Three hundred horseshoe crabs rescued in Bay of Bengal, India

May 22, 2019

By Dr. Siddhartha Pati

Bycatch of marine life in coastal nets results in high mortality of many species including seabirds, marine mammals, sea turtles and horseshoe crabs.

Tachypleusgigas, one of the two Indian species of horseshoe crabs found along the northeast coast of the Bay of Bengal, India is under threat and its populations are severely declining. One of the main anthropogenic threats to horseshoe crabs globally is accidental capture in fishing nets, trawls and on long-lines. A team of researchers, with 2018 project funding from the Conservation Leadership Programme aims to reduce threats to horseshoe crabs in this region of India.

During a field survey at the Khandia estuary in Odisha district, this team from the Association for Biodiversity Conservation & Research (ABC) found multiple discarded fishing nets on shore, many of them with a number of trapped horseshoe crabs. This has unfortunately become a common sight in Khandia estuary. Fishermen, trawler operators and the local population are not aware of the importance of this species. Beyond their biomedical importance, sustaining the horseshoe crab population is also ecologically essential. Horseshoe crabs play a key role as bioturbators, disturbing sedimentary deposits. They host a variety of organisms on their shells, control the population of many benthic invertebrates and are a food source for a multitude of marine animals.

After bringing their boats to shore, fishers leave their nets hanging in the water where the nets spread out. Horseshoe crabs coming into the estuary to spawn become trapped in the nets. When the tide goes out, the horseshoe crabs are left to die, entangled in the nets. The majority of these horseshoe crabs are females preparing to lay eggs.

Upon closer inspection, the team was shocked to discover that there were more than 500 horseshoe crabs trapped in these nets after a single day. About 300 were still alive. Immediately the team cut all live horseshoe crabs free from the net and released them back into the sea. Additionally, the team spoke with the fishermen and boaters to make them aware of the urgency to protect horseshoe crabs and their breeding ground.

Horseshoe crabs are also threatened by the use of trawl nets that scrape across the ocean floor. Along the Odisha coast, there is unregulated use of mechanized bottom trawler nets, prawn-fishing trammel nets, monofilament gill nets, as well as beach shore seine and standing nets. Taken together, the result is massive entanglement and ultimate mortality of many individuals.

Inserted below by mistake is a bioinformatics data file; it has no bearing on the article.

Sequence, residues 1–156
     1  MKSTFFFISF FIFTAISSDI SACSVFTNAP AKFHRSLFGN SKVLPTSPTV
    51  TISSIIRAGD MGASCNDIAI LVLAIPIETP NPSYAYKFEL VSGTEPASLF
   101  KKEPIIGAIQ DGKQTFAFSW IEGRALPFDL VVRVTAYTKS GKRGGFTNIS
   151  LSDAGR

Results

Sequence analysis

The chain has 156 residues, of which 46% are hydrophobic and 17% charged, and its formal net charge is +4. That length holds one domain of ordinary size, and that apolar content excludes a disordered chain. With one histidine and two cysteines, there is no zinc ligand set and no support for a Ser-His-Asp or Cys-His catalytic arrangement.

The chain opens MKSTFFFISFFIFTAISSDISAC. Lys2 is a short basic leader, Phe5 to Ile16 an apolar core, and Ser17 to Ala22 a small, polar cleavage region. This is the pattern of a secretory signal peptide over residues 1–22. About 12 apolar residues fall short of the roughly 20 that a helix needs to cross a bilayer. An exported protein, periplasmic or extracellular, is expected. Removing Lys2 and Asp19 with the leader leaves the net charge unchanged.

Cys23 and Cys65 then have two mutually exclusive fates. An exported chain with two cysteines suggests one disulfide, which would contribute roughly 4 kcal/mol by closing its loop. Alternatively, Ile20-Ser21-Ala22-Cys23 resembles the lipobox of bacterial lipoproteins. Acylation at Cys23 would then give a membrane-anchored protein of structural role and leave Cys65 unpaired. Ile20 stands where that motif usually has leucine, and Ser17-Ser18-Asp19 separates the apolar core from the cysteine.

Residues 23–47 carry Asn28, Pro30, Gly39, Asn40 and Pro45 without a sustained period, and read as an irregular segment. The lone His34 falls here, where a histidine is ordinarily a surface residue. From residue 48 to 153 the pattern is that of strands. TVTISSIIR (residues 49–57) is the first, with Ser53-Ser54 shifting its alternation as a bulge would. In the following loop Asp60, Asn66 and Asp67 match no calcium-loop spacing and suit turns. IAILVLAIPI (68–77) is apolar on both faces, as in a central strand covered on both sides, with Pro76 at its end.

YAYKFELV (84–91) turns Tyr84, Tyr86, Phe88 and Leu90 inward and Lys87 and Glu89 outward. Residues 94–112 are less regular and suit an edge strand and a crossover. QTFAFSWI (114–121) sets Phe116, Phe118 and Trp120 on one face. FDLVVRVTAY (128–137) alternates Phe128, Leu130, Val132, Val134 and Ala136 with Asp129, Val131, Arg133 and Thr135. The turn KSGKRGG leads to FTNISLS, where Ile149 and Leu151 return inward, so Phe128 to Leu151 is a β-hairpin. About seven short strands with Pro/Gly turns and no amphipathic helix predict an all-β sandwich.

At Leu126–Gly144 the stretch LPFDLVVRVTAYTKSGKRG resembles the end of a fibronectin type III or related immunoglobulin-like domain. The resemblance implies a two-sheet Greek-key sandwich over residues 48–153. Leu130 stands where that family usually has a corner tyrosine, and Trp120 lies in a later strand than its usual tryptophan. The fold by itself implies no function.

In order to develop a viable conservation strategy for this species, there is a need to train local law enforcement agencies, especially forest officials, about horseshoe crabs, their behaviour, and life processes and to establish monitoring protocols that can be applied on a regular basis. As of 2009, Tachypleusgigas is categorized as Data Deficient on the IUCN Red List and this species has been declared a Schedule-IV species under the government of India’s Wildlife Protection Act (1972). This act of the Parliament of India was enacted for the protection of plant and animal species. It has six schedules which give varying degrees of protection. Species listed in Schedule-IV are protected, but the penalties for violations are modest.

The CLP team is planning to recommend that the Indian government declare the Khandia estuary a protected area. Furthermore, as a result of the team’s efforts, a series of bycatch rescue and training programmes have been initiated by local communities to conserve horseshoe crabs along the Balaosre coast. To avoid a further decline in horseshoe crab populations along the Indian coastline and to safeguard their survival for future generations, the team recommends that a consultative process between the forestry and fishery departments needs to be initiated as soon as possible with involvement of local fishermen, heads of local administration and support of the local people.

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